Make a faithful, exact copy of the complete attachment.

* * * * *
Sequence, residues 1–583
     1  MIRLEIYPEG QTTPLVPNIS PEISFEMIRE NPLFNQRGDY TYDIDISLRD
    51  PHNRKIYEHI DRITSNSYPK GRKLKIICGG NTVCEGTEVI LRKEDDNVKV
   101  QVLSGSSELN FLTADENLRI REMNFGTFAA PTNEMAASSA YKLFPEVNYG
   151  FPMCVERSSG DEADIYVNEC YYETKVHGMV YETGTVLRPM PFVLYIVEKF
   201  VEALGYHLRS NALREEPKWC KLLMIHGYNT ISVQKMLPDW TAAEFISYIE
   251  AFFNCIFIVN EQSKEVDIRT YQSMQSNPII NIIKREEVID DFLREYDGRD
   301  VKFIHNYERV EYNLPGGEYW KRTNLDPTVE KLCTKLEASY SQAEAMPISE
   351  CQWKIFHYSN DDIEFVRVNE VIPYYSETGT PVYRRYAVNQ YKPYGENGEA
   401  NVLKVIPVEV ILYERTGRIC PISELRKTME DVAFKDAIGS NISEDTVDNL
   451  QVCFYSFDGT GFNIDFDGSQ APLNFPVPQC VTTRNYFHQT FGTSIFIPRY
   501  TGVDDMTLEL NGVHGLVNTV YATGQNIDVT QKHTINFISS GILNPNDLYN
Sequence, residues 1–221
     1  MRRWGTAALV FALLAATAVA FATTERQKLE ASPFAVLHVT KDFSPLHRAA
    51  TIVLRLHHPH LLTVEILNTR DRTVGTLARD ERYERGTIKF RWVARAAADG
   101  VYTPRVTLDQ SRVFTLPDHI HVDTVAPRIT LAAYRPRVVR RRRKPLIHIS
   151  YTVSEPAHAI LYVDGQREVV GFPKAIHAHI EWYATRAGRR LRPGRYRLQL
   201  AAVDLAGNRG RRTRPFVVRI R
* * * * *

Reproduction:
Sequence, residues 1–583
     1  MIRLEIYPEG QTTPLVPNIS PEISFEMIRE NPLFNQRGDY TYDIDISLRD
    51  PHNRKIYEHI DRITSNSYPK GRKLKIICGG NTVCEGTEVI LRKEDDNVKV
   101  QVLSGSSELN FLTADENLRI REMNFGTFAA PTNEMAASSA YKLFPEVNYG
   151  FPMCVERSSG DEADIYVNEC YYETKVHGMV YETGTVLRPM PFVLYIVEKF
   201  VEALGYHLRS NALREEPKWC KLLMIHGYNT ISVQKMLPDW TAAEFISYIE
   251  AFFNCIFIVN EQSKEVDIRT YQSMQSNPII NIIKREEVID DFLREYDGRD
   301  VKFIHNYERV EYNLPGGEYW KRTNLDPTVE KLCTKLEASY SQAEAMPISE
   351  CQWKIFHYSN DDIEFVRVNE VIPYYSETGT PVYRRYAVNQ YKPYGENGEA
   401  NVLKVIPVEV ILYERTGRIC PISELRKTME DVAFKDAIGS NISEDTVDNL
   451  QVCFYSFDGT GFNIDFDGSQ APLNFPVPQC VTTRNYFHQT FGTSIFIPRY
   501  TGVDDMTLEL NGVHGLVNTV YATGQNIDVT QKHTINFISS GILNPNDLYN
Sequence, residues 1–221
     1  MRRWGTAALV FALLAATAVA FATTERQKLE ASPFAVLHVT KDFSPLHRAA
    51  TIVLRLHHPH LLTVEILNTR DRTVGTLARD ERYERGTIKF RWVARAAADG
   101  VYTPRVTLDQ SRVFTLPDHI HVDTVAPRIT LAAYRPRVVR RRRKPLIHIS
   151  YTVSEPAHAI LYVDGQREVV GFPKAIHAHI EWYATRAGRR LRPGRYRLQL
   201  AAVDLAGNRG RRTRPFVVRI R